This website uses cookies to ensure you have the best experience. Learn more

Indonesia And The Misconceptions Of Muslim Women And How It Parallels To Muslim Women In America

2086 words - 8 pages

Muslim women have often been stereotyped in westernized civilizations as heavily veiled women who do no more than tend to their household and children. According to Camilla Fawzi El-Sohl’s book titled Muslim women’s choices: religious belief and social reality, this is simply not true anymore as it pertains to the contemporary Muslim women. This concept of the Muslim women may have been true in the past or even true of certain groups in certain Muslim societies but it has little relevance to understanding the everyday lives of these Muslim women. Indonesia, with a population of over 238 million has the largest population of Muslims. Muslim women on the many islands of Indonesia have been scrutinized in the media and other westernized arenas. To fully understand the concept of the modern day Muslim women, you would have to analyze the history of Indonesia, the history of Islam, and the gender relations as it pertains to Islam. After examining those aspects, looking further into how Muslim women are viewed in society and westernized societies and also their own specified role in society can give a deeper overview of the misconceptions perpetuated today. Finally, paralleling these concepts in Indonesia with those of American Muslim women can fully advocate for ideas of Muslim women in the world. Adequate understanding of these aspects can further delve into the ways of Muslim women and their effects on their country.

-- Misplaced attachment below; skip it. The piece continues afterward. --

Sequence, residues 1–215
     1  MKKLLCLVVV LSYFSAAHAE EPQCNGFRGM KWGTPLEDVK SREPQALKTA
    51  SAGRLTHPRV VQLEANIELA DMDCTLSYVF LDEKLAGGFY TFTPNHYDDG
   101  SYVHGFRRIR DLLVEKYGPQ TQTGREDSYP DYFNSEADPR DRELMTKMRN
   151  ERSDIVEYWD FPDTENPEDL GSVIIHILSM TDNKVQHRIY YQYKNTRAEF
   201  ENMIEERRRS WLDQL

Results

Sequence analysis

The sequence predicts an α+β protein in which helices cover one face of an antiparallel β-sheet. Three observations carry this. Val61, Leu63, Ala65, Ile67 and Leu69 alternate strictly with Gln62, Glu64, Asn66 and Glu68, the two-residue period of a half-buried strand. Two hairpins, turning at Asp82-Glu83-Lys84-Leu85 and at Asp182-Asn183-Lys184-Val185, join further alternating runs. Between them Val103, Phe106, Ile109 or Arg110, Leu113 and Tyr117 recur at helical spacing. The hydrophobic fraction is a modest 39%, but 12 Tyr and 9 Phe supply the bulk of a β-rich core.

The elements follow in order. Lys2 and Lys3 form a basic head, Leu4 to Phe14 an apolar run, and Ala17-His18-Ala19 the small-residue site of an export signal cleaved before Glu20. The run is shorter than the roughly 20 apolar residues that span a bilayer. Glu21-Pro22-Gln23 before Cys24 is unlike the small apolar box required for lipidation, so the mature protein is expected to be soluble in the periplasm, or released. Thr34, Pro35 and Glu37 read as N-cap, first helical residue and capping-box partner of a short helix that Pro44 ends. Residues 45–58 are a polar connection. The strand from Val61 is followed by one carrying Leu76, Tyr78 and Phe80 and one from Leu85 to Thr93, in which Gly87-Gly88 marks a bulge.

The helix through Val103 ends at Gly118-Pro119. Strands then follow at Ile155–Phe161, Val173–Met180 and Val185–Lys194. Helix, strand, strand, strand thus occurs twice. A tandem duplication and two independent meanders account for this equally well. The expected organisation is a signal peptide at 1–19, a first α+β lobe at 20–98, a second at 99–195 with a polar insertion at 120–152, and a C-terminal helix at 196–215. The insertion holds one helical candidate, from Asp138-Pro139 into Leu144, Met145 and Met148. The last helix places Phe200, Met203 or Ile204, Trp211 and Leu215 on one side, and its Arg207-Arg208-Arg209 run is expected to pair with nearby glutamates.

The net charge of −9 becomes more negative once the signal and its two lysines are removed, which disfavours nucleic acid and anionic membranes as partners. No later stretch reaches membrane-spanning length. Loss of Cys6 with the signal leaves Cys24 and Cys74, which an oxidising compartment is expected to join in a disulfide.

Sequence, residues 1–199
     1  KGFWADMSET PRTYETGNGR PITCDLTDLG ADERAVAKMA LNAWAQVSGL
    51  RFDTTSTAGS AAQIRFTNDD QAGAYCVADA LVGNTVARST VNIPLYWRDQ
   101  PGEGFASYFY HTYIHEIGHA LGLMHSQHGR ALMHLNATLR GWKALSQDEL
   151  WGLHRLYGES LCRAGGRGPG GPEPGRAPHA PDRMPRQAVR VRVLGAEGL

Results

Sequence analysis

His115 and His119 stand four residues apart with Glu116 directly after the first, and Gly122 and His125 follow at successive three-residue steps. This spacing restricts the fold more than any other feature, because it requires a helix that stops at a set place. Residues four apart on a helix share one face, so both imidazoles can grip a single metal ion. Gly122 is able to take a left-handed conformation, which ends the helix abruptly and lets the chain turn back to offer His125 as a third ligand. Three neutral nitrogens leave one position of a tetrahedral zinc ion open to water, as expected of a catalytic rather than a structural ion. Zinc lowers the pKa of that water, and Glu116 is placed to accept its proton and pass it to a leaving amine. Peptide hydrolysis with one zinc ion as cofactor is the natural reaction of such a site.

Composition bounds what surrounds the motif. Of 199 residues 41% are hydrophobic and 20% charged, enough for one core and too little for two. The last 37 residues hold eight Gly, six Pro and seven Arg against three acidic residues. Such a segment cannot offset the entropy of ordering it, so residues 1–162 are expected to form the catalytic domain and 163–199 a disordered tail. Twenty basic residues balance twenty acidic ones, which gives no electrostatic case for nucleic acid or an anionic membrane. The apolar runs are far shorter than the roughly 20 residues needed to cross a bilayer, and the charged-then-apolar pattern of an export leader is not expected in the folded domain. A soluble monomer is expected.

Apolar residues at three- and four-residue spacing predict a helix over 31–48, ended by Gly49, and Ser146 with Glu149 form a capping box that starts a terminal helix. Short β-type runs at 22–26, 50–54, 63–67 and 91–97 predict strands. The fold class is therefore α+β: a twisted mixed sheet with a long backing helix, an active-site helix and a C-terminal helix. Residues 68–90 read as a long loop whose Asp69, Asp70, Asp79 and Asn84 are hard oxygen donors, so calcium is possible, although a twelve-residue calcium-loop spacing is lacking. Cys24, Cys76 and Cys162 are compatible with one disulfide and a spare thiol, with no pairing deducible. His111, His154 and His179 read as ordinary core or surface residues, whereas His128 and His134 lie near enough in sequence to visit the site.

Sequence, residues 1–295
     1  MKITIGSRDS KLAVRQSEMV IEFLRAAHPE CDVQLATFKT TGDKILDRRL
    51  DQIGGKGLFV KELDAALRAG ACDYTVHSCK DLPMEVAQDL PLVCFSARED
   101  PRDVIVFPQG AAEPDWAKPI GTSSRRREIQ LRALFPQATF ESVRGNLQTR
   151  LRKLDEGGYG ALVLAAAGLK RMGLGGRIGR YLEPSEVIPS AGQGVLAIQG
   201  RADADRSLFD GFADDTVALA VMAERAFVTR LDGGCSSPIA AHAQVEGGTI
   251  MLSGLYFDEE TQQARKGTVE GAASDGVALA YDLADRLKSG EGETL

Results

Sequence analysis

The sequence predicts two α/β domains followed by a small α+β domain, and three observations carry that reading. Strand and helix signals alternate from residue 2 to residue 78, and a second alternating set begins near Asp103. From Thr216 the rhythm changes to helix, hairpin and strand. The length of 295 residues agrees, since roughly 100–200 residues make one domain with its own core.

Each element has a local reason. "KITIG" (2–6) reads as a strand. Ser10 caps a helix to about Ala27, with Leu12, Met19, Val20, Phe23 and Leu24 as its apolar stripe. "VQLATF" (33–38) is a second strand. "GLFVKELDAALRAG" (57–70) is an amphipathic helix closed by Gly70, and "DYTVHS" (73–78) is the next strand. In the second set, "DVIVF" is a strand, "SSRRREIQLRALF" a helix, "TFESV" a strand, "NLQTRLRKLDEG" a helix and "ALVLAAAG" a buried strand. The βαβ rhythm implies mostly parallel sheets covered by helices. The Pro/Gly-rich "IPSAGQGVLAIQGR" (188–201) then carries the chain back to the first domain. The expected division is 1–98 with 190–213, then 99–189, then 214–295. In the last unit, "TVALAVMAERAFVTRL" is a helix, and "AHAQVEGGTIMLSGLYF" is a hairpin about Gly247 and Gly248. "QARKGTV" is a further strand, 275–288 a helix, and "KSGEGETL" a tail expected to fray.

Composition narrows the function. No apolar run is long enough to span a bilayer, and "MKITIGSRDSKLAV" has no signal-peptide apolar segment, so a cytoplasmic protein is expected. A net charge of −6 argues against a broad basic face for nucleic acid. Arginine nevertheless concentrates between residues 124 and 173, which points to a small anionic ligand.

Indonesia, according to Wikipedia, is officially called the Republic of Indonesia and is a country Southeast Asia an Oceania. Indonesia is comprised of 17, 508 islands and thirty three provinces. It is the world’s most populous country with over 238 million people and governs under a Republic, with an elected legislature and president. Muslim faith was first introduced in Indonesia in the 13th century. Other Indonesian areas adopted the Islam faith and it was the dominant religion by the end of the 16th century. Along with Islam, the country officially recognizes 5 other religions: Protestantism, Roman Catholicism, Hinduism, Buddhism, and Confucianism. 86% of Indonesians described themselves as Muslims according to the 2000 census. 9% of Indonesian Muslims are of the Sunni denomination, making them the majority. “Indonesia has around 300 ethnic groups, each with cultural identities developed over centuries, and influenced by Indian, Arabic, Chinese, and European sources” (Wikipedia). Indonesia, like many European countries, have taken into account the ever-evolving aspects of the Westernized world and have adopted to them with their cuisine, technology usage, and media.